Descriptive Gazetteer Entry for LOUGHBOROUGH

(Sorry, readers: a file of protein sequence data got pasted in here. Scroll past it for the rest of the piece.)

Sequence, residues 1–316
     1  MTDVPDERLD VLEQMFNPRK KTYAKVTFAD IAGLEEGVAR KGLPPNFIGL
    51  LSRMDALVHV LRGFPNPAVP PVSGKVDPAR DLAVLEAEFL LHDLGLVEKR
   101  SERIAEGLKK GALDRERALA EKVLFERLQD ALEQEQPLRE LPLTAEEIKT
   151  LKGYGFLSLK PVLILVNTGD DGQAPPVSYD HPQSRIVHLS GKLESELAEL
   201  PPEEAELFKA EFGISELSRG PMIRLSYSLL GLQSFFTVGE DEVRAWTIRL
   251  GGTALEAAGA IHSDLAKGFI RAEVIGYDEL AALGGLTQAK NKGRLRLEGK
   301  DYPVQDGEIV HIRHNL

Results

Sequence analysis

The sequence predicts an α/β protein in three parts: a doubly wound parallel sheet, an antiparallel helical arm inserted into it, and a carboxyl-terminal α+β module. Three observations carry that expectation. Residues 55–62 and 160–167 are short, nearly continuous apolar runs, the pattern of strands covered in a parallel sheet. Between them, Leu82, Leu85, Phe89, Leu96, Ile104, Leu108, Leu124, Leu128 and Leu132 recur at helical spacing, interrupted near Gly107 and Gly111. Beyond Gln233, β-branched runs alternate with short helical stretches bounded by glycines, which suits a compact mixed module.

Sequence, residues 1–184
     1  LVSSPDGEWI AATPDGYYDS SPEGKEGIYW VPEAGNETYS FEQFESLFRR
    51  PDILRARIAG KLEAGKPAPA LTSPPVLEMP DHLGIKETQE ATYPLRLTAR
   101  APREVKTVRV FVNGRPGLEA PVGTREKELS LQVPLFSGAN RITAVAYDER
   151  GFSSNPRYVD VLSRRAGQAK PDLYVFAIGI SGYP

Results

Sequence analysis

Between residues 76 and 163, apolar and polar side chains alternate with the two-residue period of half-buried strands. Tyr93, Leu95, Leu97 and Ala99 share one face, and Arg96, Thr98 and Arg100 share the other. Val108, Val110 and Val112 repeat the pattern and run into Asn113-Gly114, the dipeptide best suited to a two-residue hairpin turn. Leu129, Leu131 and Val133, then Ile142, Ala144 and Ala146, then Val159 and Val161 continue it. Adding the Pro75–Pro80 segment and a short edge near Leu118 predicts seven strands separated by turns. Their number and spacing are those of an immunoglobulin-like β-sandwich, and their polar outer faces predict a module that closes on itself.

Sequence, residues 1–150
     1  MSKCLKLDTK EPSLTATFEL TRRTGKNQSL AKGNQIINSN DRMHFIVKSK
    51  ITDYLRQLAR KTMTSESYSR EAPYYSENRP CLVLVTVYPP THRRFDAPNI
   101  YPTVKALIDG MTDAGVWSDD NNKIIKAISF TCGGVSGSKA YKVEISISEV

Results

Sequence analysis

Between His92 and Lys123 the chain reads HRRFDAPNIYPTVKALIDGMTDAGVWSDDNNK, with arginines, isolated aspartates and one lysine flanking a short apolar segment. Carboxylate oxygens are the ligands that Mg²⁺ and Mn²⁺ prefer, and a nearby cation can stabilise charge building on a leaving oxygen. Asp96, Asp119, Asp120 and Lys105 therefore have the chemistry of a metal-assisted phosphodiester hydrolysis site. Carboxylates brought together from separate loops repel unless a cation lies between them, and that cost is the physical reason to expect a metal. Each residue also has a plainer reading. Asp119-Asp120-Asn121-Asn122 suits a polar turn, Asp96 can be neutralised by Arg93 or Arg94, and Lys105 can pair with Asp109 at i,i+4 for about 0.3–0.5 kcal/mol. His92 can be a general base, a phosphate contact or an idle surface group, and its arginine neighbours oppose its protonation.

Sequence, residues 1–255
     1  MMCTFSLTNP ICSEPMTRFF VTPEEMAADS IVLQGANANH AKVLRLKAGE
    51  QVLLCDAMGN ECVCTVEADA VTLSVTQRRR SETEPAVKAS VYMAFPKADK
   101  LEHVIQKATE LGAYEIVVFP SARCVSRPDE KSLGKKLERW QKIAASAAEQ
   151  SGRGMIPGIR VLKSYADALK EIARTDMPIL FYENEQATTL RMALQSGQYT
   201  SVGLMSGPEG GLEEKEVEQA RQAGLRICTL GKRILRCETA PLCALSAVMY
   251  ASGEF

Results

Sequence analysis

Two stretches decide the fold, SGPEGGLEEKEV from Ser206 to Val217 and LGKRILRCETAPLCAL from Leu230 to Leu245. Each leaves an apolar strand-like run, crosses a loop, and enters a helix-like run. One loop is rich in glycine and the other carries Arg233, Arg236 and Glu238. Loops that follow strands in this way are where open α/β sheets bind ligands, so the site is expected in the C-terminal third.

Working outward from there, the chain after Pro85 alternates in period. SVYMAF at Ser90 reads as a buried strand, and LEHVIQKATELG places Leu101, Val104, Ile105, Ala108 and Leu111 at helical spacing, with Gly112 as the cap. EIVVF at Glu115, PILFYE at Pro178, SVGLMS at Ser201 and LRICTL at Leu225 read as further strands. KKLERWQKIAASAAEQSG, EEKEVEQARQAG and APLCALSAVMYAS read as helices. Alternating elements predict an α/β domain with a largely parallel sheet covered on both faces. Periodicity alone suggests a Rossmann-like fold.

LOUGHBOROUGH, a town, a township, a parish, a sub-district, and a district, in Leicester. The town stands on the Loughborough canal and on a branch of the river Soar, adjacent to the Midland railway, 1½ mile S of the boundary with Notts, 11 NNW of Leicester, and 16¾ SE of Derby. It was visited by Henry VIII.; was desolated by the "sweating sickness,' in 1557, and by the plague in 1564; numbers among its natives the naturalist Pulteny, born in 1730; and gave the title of Baron to Sir Edward Hastings in 1557, to Henry, the second son of the Earl of Huntingdon, in 1643,-and to Alexander Wedderburn, in 1780. The title, in the first and second instances, became extinct; and in the third instance, has descended to the Earl of Rosslyn. The town, in point of size and importance, ranks as the second in the county; it received much stimulus to its trade and general consequence from the enclosing and cultivating of Charnwood forest, lying to the SW; and it has long been a seat of considerable manufacture; but it latterly has somewhat declined. It is situated in the midst of a beautiful tract of country; it comprises one principal street, on the line of communication between Leicester and Derby, and a number of smaller streets at right angles with the principal one; it includes a large oblong market-place, surrounded by good houses and elegant shops; and it has, for a considerable series of years, been undergoing material improvement. The town hall and corn exchange, in the market-place, is a handsome stone edifice, erected in 1856, at a cost of about £8,000. The townhall contains an apartment, called the Victoria-room, used for public assemblies, and capable of seating 600 persons; and contains also a lecture-room, a public library, and a news-room. The corn exchange is at the rear; and is a well-lighted apartment, 80 feet long. The police station is a neat brick edifice of 1860; and contains a court room. The dispensary, in Baxter-gate, was built in 1862, at a cost of about £5,000; and is ornamental and convenient. The permanent library contains upwards of 3,500 volumes. The theatre was built in 1822; and was sold to the Odd Fellows, to be used as a meeting-hall. All Saints church is later English; comprises nave, aisle, transept, and chancel, with a very fine W tower; and was restored in 1862, under the direction of G. G. Scott, at a cost of about £9,000. Emmanuel church was built in 1837; is in the decorated English style; and comprises nave, aisles, and chancel, with a handsome tower. An Independent chapel is in Brook-side; a Particular Baptist chapel, in Sparrowhill; two General Baptist chapels, in Baxter-gate and Wood-gate; a Wesleyan chapel, in Leicester-road; a Unitarian chapel, in Victoria-street; and the last was built in 1865, is in the pointed style, and has a slated spire 72 feet high. The new cemetery lies on the road. to Leicester; and was formed in 1857, at a cost of about £7,500. A convent is in Park-lane. The grammar school stands on the Leicester road; dates from 1498; was rebuilt in 1853, at a cost of £7,800; is a handsome edifice, in the Tudor style, with an embattled tower; is surrounded by beautiful grounds, which are open to the inhabitants of the town; has £411 a year from endowment, and two exhibitions at Jesus college, Cambridge; and had, for a pupil, Bishop Davys of Peterborough. Four free schools, in different situations, are connected with the grammar school, or draw from its endowments; and there are two national schools. The workhouse has capacity for 350 persons. The endowed charities amount to £1,879; and they include £1,413, left in 1495 by Burton to endow a chantry, and now entirely appropriated to education. The town has a board of health; is a seat of petty sessions and county courts, and a polling-place; has a head post office,‡ a railway station with telegraph, four banking offices, and several good inns; and publishes two weekly newspapers. A weekly market is held on Thursday; fairs for cheese, on 24 March and 30 Sept.; and fairs for horses, cows, and sheep, on 28 March, 25 April, Holy Thursday, 12 Aug., and 13 Nov. Manufactures of hosiery, woollen thread and bobbin-net lace are largely carried on; and a considerable trade exists in the transport of coal by the canal. Real property of the town in 1860, £40,900; of which £5,853 were in the canal, £17 in iron-works, and £800 in gas-works. Pop. in 1851,11,210; in 1861,10,830. Houses, 2,438.